Emigrant Industrial Savings Bank building

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Former Emigrant Industrial Savings Bank
Emigrant Industrial Savings Bank 001 002 003 combined crop.JPG
Emigrant Industrial Savings Bank building is located in Lower Manhattan
Emigrant Industrial Savings Bank building
Emigrant Industrial Savings Bank building is located in New York
Emigrant Industrial Savings Bank building
Emigrant Industrial Savings Bank building is located in the US
Emigrant Industrial Savings Bank building
Location 51 Chambers St.,
Manhattan, New York City
Coordinates 40°42′50″N 74°0′19″W / 40.71389°N 74.00528°W / 40.71389; -74.00528Coordinates: 40°42′50″N 74°0′19″W / 40.71389°N 74.00528°W / 40.71389; -74.00528
Built 1909-1912
Architect Raymond F. Almirall
Architectural style Beaux-Arts
NRHP Reference # 82003375[1]
Significant dates
Added to NRHP February 25, 1982
Designated NYCL July 9, 1985

The Emigrant Industrial Savings Bank building at 51 Chambers Street between Broadway and Centre Street in the Civic Center neighborhood of Manhattan, New York City, was built in 1909-1912 and was designed by Raymond F. Almirall in the Beaux-Arts style.[2][3] At the time the 17-story structure was the largest bank building in the United States, and was the first skyscraper to use the "H" lay-out, which provided light and air to more parts of the building.[2][4]

The bank itself had been organized in 1850 by Roman Catholic Archbishop John Hughes and the Irish Emigrant Society, with the purpose of protecting the savings of Irish immigrants newly arrived in the city.[2] The current building is the third built by the bank on the same site.[3]

The building is now owned by the City of New York. It was added to the National Register of Historic Places in 1982 and both the exterior and the first floor interior were designated New York City landmarks in 1985.[3]


The Emigrant Industrial Savings Bank runs through the block between Reade and Chambers Street (measuring 123 feet on Chambers and 125 on Reade). Its first few floors form a base from which the floorplan towers rise. This base is composed of a series of double-height rusticated piers and engaged columns, forming nine bays, resting on a basement story and supporting an entablature. The double height windows of these nine bays light the two-story banking hall within. Panels at their base are adorned with large, high-relief swags; at the top of each bay is a stylized keystone with large guttae; palm frond reliefs adorn it on either side.[5]

There are three entrances, a single-story one at either end set in the basement story, and a double-story central entrance rising into the upper portion of the base. The two smaller entrances have plain granite surrounds, with a small amount of stylized ornament and the Bank's street address at the top. The central entrance, besides a similar plain granite surround, is topped by a segmental pediment enclosing cornucopias and the word "Entrance"; from it, carved wreaths descend on either side of the entrance surrounds. This central entrance has heavy bronze doors, with new protective glass doors recently placed in front of them. In the narrow window bays on either side of the central entrance bay are original bronze torcheres. The central entrance bay is further demarcated by a large stepped pediment; seated on either side is a large sculpted hunan figure, male on the west and female on the east, each surrounded by sculpted swags. In the center is an enormous coat-of-arms, with the figures of a colonist and an Indian, and the shield of New Amsterdam in between, topped by an eagle. Above the large base, the building rises in an "H-shaped" plan which allows light and air to reach all the office spaces within the tower.[6] From the street there is an impression of twin towers which are capped visually by an ornamental treatment on the top and attic floors.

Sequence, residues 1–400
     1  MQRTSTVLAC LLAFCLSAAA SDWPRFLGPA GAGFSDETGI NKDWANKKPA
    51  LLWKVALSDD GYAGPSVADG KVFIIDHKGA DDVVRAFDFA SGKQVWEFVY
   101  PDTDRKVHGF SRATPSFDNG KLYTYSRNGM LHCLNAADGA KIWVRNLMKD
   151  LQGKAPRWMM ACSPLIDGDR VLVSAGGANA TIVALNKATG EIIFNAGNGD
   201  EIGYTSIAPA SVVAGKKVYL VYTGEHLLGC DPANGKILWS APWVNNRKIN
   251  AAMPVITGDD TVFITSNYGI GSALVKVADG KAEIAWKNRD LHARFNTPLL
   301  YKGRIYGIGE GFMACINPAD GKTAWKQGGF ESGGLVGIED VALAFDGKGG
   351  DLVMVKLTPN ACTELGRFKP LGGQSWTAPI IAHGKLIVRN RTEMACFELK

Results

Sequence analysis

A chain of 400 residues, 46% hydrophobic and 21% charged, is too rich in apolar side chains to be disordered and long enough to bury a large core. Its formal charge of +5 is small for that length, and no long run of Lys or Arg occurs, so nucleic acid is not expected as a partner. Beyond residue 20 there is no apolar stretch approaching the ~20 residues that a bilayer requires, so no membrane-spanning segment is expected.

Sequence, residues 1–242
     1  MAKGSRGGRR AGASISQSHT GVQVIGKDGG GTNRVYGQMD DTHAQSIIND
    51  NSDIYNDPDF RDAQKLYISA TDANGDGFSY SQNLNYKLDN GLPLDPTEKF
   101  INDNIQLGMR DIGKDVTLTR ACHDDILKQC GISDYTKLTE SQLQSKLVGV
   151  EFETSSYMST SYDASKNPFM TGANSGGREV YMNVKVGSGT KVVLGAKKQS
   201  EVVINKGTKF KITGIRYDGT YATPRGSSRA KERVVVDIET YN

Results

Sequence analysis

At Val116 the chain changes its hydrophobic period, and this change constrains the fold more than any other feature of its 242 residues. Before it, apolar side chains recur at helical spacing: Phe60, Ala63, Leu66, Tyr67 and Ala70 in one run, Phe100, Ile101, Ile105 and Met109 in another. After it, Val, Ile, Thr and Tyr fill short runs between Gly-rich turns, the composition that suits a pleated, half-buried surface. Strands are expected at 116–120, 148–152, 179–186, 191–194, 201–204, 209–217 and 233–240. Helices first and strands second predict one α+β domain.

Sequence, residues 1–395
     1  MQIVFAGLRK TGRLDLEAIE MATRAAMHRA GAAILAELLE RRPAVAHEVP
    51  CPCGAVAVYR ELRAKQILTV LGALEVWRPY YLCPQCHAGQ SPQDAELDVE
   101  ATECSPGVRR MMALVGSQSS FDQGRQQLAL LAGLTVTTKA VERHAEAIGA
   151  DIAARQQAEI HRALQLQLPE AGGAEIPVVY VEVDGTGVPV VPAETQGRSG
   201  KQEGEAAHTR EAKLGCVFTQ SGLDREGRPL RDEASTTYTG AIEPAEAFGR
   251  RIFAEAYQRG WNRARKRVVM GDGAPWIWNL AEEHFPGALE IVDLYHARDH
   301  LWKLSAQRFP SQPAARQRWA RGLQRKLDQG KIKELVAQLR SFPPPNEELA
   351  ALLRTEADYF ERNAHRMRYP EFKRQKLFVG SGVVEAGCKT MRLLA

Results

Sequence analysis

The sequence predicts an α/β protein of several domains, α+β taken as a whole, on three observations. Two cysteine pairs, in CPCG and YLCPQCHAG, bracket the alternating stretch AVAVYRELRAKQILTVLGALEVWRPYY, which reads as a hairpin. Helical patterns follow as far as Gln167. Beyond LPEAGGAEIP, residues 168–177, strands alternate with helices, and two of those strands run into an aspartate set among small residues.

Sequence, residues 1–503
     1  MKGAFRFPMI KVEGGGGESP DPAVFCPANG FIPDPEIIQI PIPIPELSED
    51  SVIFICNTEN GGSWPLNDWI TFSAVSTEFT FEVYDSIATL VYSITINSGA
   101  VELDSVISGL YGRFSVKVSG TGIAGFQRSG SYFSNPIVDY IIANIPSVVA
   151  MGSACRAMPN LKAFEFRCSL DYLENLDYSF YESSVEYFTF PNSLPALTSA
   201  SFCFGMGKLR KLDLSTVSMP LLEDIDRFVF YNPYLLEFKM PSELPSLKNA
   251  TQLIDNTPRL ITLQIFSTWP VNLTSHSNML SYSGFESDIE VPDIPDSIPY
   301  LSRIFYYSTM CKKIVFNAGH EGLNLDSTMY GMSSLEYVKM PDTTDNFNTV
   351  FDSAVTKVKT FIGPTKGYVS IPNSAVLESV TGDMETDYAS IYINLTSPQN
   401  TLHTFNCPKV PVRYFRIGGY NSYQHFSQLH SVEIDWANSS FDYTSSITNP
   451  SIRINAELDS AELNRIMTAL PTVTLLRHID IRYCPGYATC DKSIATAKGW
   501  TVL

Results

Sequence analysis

The Bank is no longer used by the company for which it was built. It has joined the ranks of many distinguished buildings surrounding City Hall Park which are now used for municipal offices. It retains, nevertheless, its historical significance as a beneficent institution for the enormous immigrant population of 19th and 20th century New York. As a distinguished Beaux-Arts design applied to the American innovation of the skyscraper, and an ingenious pioneering solution to the problem of bringing light to office users,the Emigrant Industrial Savings Bank stands as an important landmark in the development of 20th century New York architecture.[7]

See also[edit]


  • Frohne, H. W. "The Brooklyn Plaza and the Projected Brooklyn Central Library"; The Architectural Record 23(February 1908), pgs. 97-110.
  • Frohne, H. W. "Progessive Tendencies in Recent New York Commercial Buildings", American Architect and Buildings News 103(May 7, 1913), pgs. 217-221.


  1. ^ National Park Service (2009-03-13). "National Register Information System". National Register of Historic Places. National Park Service. 
  2. ^ a b c New York City Landmarks Preservation Commission; Dolkart, Andrew S. (text); Postal, Matthew A. (text) (2009), Postal, Matthew A., ed., Guide to New York City Landmarks (4th ed.), New York: John Wiley & Sons, ISBN 978-0-470-28963-1 , p. 31
  3. ^ a b c Robins, Anthony W. (ed.) "Emigrant Industrial Savings Bank Building Designation Report" New York City Landmarks Preservation Commission (July 9, 1985)
  4. ^ 92. Former Emigrant Industrial Savings Bank, “The Masterpiece Next Door: All 500-plus Manhattan landmarks on the National Register of Historic Places, blogged.” Originally posted Saturday, December 6, 2008, retrieved 13 April 2011.
  5. ^ NYC Landmarks Preservation Commission
  6. ^ The H Plan for Office Buildings, Adopted for the Emigrant Savings Bank's New Operation It Solves the Light Problem, Real Estate Record and Guide; August 7, 1909; p.254
  7. ^ NYC Landmarks Preservation Commission, pgs. 4-6

External links[edit]